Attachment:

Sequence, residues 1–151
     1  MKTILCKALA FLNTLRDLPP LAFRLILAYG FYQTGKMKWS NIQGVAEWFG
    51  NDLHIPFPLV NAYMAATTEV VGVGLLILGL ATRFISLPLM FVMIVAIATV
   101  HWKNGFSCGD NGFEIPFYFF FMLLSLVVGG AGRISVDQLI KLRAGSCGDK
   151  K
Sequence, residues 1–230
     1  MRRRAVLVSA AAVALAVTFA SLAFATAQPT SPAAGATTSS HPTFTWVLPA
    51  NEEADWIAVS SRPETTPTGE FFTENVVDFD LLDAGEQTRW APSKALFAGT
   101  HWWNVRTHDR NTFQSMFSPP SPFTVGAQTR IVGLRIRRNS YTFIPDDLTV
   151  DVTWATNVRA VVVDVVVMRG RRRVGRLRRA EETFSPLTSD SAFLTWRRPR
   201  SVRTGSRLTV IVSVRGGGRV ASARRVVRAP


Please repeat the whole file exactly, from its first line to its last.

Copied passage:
Sequence, residues 1–151
     1  MKTILCKALA FLNTLRDLPP LAFRLILAYG FYQTGKMKWS NIQGVAEWFG
    51  NDLHIPFPLV NAYMAATTEV VGVGLLILGL ATRFISLPLM FVMIVAIATV
   101  HWKNGFSCGD NGFEIPFYFF FMLLSLVVGG AGRISVDQLI KLRAGSCGDK
   151  K
Sequence, residues 1–230
     1  MRRRAVLVSA AAVALAVTFA SLAFATAQPT SPAAGATTSS HPTFTWVLPA
    51  NEEADWIAVS SRPETTPTGE FFTENVVDFD LLDAGEQTRW APSKALFAGT
   101  HWWNVRTHDR NTFQSMFSPP SPFTVGAQTR IVGLRIRRNS YTFIPDDLTV
   151  DVTWATNVRA VVVDVVVMRG RRRVGRLRRA EETFSPLTSD SAFLTWRRPR
   201  SVRTGSRLTV IVSVRGGGRV ASARRVVRAP